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UK interest rates have been on quite a journey over the last two years. Starting from a historic low of 0.10% in late 2021, rates were put up 14 times by the Bank of England (BoE) over 2022 and 2023 as the central bank fought soaring inflation (driven by factors such as pent-up consumer demand after the COVID-19 lockdowns, as well as global price volatility for energy and food after Russia invaded Ukraine). 

By late 2023, interest rates stood at 5.25% – their highest since the 2008-9 Financial Crisis. This was bad news for many homeowners who saw their monthly mortgage payments rise dramatically, yet some savers benefitted slightly as account rates improved. Looking ahead, investors are asking – where could interest rates go next?

Below, we explore some current trends in the UK economy in November 2023 which bear upon the interest rate landscape. We also offer our thoughts on what these might mean for investors who are planning their portfolios in light of macroeconomic factors like inflation and interest rates. We hope these insights are helpful to you.

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Where could interest rates go next?

At the time of writing, the Consumer Price Index (CPI) fell sharply from 6.7% to 4.6%, leading the UK government to celebrate that it had hit its inflation target early (the Prime Minister had pledged to halve inflation to below 5.4% by the end of 2023).

This quickly caused the FTSE 100 to rise by 1.1% shortly after markets opened. The heightened optimism is largely due to wider expectations that interest rates will fall in 2024. After all, the primary reason to raise interest rates is to try and curb inflation. If the latter is falling, what is the justification for central banks to keep rates high?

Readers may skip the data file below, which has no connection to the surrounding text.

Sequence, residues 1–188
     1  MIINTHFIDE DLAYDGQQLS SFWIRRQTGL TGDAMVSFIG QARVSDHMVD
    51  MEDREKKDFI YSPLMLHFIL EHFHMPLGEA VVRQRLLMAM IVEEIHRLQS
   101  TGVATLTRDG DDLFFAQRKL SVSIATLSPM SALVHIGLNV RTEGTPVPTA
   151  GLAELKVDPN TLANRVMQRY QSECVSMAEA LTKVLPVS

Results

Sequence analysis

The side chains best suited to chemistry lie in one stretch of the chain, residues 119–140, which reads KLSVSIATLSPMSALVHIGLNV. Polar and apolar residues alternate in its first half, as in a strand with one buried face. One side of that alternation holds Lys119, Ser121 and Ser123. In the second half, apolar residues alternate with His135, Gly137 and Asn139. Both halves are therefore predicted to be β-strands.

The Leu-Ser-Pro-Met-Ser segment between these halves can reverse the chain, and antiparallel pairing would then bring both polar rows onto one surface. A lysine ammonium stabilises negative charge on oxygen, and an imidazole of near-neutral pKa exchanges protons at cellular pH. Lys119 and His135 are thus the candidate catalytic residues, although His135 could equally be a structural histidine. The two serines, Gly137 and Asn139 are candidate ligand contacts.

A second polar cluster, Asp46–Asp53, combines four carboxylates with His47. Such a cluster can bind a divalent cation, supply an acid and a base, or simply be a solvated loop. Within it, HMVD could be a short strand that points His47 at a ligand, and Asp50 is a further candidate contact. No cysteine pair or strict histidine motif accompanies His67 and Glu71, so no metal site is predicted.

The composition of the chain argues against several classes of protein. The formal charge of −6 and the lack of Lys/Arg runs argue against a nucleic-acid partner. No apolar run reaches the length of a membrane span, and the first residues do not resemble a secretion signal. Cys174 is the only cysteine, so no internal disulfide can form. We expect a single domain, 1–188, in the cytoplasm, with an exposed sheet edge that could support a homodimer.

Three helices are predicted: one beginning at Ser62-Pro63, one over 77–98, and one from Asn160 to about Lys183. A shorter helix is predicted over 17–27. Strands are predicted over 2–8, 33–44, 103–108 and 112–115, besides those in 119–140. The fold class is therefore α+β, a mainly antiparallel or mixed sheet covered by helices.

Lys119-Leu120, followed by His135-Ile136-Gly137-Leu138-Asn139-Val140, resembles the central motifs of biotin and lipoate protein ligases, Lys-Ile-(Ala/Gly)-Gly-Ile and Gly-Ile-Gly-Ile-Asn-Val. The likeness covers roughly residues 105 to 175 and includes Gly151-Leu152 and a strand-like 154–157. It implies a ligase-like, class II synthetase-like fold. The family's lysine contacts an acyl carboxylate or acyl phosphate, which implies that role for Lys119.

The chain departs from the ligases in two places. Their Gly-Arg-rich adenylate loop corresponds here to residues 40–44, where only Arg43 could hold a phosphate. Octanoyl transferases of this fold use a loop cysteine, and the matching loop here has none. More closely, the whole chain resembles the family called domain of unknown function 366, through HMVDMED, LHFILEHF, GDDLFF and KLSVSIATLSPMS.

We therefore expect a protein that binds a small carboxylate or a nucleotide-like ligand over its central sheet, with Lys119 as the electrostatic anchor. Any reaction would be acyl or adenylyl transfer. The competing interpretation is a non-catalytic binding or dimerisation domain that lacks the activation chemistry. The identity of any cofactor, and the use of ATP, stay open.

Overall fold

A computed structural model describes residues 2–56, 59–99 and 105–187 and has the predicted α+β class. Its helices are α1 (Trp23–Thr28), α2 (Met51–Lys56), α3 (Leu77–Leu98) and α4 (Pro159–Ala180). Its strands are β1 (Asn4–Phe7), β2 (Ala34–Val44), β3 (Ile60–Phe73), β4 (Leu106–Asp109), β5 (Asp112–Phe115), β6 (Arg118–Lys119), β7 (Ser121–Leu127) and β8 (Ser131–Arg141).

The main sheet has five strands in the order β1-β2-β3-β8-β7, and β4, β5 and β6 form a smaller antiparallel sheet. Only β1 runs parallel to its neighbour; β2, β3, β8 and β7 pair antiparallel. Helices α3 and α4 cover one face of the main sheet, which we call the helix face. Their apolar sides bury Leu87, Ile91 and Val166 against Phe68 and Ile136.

The key question, of course, is whether the new CPI figures represent a “blip” in the UK’s inflation journey – or, do they signal a change in direction in overall prices? So far, the BoE has not signalled an intention to imminently lower interest rates. Indeed, at its most recent meeting in early November, the Monetary Policy Committee voted 6-3 to keep rates at 5.25% (despite presumably knowing that there was a good chance the CPI would fall in the coming weeks).

This most recent meeting, coupled with the new CPI figures, suggests that a further base rate increase is less likely than it was a month or so ago. However, nothing is off the table. 


What should investors do?

The latest UK inflation statistics should encourage investors to be more optimistic about the economy next year. However, we are not out of the woods yet. Dr Roger Barker, Director at the Institute of Directors, believes that interest rate cuts will still not happen until later in 2024:

This month’s sharp decline in inflation was already baked into the numbers …The rate of core inflation (excluding food and energy), which fell from 6.1pc to 5.7pc, is still relatively high.”

The UK labour force is still widely regarded as quite “tight” and this adds to inflationary pressure as employers compete for scarce workers (e.g. by offering higher pay). Indeed, UK wage growth has eased slightly in the latest quarter but remains at a near record.

So, investors can reasonably hope that interest rates will not go up further in 2024 (assuming no “big events” such as further global price shocks – e.g. caused by a new/escalating conflict). Yet firms will continue to find it more expensive to finance investment projects using debt compared to the low-interest years leading up to December 2021.

As such, early-stage investors (e.g. angel investors) could present a valuable alternative to growing companies which are seeking funding – yet doors are less open to them from traditional lenders, such as banks. Rather than turning to debt, founders can access finance by offering an equity stake in their business, also benefitting from the mentorship offered by their investors along the way.

Hopefully, if interest rates do fall later in 2024, this will create a buoyant effect on share prices as investors are less attracted to newly issued bonds (which may offer lower yields) and turn back to equity in the hope of achieving higher returns. However, only time will tell if this transpires and whether lower interest rates will, indeed, push up the stock market.

Again, this is where it can be beneficial to have a portion of an investor’s portfolio allotted to early-stage companies – not just publicly traded stocks. Whilst the former is also affected by inflation and interest rates, the values of private businesses do not necessarily follow the FTSE 100 and similar indexes. As such, investing in young, high-growth-potential companies can be a useful diversification tool – especially when faced with uncertainty about interest rates.



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